TJ: Yes. As you know, Alan Schmitt’s LcTools program was created to address the shortfall I mentioned of not having a fast, high resolution light curve viewer. His programs now provide a complete set of analytical tools. One can quickly scan individual light curves in ten seconds or less (actually an almost instantaneous scrolling feature) with excellent light curve resolution.
This year, I generated the Kepler DR25 long cadence light curves and they are available on his site, linked to my Gmail Google Drive as zip files for the LcTools viewer.
PH: Well, we hope to interview Mr. Schmitt for PH in the future and learn more from his perspective also. Now, you have been a significant force in making many PH discoveries. What particular outlook do you bring to the search for other worlds and how does this align with the PH mission and exoplanetary discovery as a whole?
TJ: I would consider myself more of a Kepler pattern recognition treasure hunter veteran and an individual who can perform only the most basic light curve analysis. I leave the heavy lifting to the skilled veterans.
PH: But you have been a coauthor on several important papers and part of so many exoplanet discoveries. Surely there is a bit more to it?
TJ: There are some tools available online for a more detailed look and many planet hunters are adept in doing so. I am not one of them. What I have found is over the course of many years one can develop an eye for what is an interesting event and what may be simply noise or artifacts in the light curves. Though periodicity is a key tell for real astrophysical events, machine searches are well suited to beat the trained citizen scientist making visual surveys. However, single (less so now), aperiodic and new light curve patterns of real astrophysical events give the visual surveyor a real edge in this area.
PH: So, even in these new days of neural networks and machine ‘deep learning’ that characterize light curves with great accuracy, there is still a place for citizen scientists and Planet Hunters?
TJ: A machine will only find known patterns. The visual surveyor travels into uncharted areas finding new and unusual events.
PH: Such as your recent exocomets find, for sure! Well, what is your process for finding and analyzing light curves and what resources do you use?
TJ: When I survey a light curve, the first thing I do is look for unusual or known light curve patterns. Depending on how they appear will give the surveyor an idea if the events are real, the star owns the events, if there are third body events and/or if there is contamination. The next thing to check is the actual FOV. PanSTARRS is relatively new site though there are others:
I will not list all the K2 and Kepler main field online archives search sites as they are well known. The IRSA/WISE site is also a great resource of looking for WISE band 4 IR that is a great tell for “Dippers.” Of course, Andrew Vanderburg’s site is a must see for K2. He has a page for each K2 light curve that shows background contamination such as BGEBs:
PH: What future projects do you think PH should pursue? And what are some suggestions for improvement?
TJ: I would be interested in learning more about how Planet Hunters will be working with the new TESS data when it becomes operational later this year (hopefully). Educating and training its members to work more independently and developing close relationships with veteran science team members with timely feedback would be of significant help. There will be quite a bit of excellent data to analyze and citizen scientists will need strong advocates in the professional astronomical community to ensure the data is accessible to the public similar to the Kepler data, though I have been told that the data will be accessible similar to K2.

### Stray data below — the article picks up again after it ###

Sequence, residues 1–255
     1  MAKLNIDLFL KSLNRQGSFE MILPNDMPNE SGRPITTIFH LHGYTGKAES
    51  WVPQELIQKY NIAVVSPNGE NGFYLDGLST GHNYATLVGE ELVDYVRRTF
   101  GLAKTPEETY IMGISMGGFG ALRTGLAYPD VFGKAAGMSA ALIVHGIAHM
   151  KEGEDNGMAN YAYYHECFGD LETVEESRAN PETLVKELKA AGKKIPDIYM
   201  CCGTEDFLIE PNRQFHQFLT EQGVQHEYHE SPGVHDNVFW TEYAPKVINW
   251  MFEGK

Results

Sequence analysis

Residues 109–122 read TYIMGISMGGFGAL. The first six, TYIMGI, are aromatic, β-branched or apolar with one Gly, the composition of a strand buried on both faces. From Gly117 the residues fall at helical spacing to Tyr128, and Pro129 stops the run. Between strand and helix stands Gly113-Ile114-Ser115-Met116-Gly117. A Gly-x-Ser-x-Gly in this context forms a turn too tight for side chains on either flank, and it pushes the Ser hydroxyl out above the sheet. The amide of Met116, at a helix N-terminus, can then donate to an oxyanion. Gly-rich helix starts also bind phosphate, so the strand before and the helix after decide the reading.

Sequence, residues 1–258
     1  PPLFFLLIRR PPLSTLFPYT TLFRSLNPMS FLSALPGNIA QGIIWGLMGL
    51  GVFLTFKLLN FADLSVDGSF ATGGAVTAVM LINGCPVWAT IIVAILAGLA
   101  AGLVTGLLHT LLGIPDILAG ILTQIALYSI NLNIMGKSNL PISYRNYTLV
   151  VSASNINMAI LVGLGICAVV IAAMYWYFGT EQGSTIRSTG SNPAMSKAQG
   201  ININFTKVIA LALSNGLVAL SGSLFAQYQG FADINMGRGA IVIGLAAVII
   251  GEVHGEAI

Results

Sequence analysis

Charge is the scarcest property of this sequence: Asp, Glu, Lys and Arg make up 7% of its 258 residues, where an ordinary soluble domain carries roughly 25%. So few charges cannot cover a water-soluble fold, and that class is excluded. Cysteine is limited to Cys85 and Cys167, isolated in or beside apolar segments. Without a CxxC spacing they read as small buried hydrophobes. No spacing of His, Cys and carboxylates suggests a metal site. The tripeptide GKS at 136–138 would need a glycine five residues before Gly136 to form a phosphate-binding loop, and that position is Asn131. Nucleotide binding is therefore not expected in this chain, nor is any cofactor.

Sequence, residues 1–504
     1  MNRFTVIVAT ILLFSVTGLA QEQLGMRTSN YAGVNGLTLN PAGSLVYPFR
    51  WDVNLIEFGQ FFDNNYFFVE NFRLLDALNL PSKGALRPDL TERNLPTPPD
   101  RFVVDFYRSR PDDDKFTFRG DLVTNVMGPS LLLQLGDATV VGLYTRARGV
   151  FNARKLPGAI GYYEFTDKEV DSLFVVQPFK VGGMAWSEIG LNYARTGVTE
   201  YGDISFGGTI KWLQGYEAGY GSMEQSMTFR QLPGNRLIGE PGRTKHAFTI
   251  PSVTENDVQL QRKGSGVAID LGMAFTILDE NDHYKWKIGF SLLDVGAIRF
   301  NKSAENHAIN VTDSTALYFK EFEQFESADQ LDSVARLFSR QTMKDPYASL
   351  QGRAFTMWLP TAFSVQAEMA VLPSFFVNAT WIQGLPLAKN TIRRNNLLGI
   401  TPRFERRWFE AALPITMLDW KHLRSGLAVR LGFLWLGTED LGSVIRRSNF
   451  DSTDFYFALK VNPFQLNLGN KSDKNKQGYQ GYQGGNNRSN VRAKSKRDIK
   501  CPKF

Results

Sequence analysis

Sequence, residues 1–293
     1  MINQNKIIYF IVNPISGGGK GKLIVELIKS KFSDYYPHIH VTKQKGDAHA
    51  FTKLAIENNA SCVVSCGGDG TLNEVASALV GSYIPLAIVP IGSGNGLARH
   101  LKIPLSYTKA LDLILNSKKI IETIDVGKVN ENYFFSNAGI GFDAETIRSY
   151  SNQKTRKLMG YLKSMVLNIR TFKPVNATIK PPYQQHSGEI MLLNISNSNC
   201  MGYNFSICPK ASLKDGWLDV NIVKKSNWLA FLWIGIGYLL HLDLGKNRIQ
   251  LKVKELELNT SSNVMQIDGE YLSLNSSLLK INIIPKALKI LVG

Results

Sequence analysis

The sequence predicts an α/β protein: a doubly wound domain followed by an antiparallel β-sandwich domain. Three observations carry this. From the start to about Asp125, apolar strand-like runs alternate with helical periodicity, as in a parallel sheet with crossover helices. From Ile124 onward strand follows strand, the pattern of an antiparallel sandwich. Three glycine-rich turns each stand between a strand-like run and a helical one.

PH: Can you point to any particular discoveries or experiences over the last seven years that you particularly enjoyed or are especially proud of?
In January of last year, I took on a very large project of downloading and visually surveying all 201,250 light curves of the Kepler prime-field stars in Ames Data Release 25. Alan Schmitt and I collaborated in downloading the stars. This was a dream that I had envisioned while surveying at Planet Hunters. What until January was not in place to do this was the technology, team, experience and time. The survey took five months and I kind of went off the charts devoting most of my free time to visually surveying before and after my day job working as a Special Projects manager for AtWork! in Bellevue, Washington helping people with intellectual disabilities find paid employment in their community. I have been doing this rewarding work for over 21 years. The visual survey was completed in May and a rich harvest of interesting finds was discovered. The discovery that stands out and is likely my high-water mark for surveying is the exocomet paper recently published last fall. These are the first exocomet candidates ever discovered using transit photometry. Without the team effort, the comets would still be lurking in the Kepler data. That is the power of visually surveying, team effort and a love of finding new and usual things in the light curves. Thank you Planet Hunters and Happy Hunting!
Thank you, Tom. We appreciate your work, explanation of your outlook and methods, and recommendations for the future. In particular, we hope that your thoughts might stimulate some further discussion on this blog. Reminiscences of our successful past are welcome, but practical suggestions for our future would be truly exciting.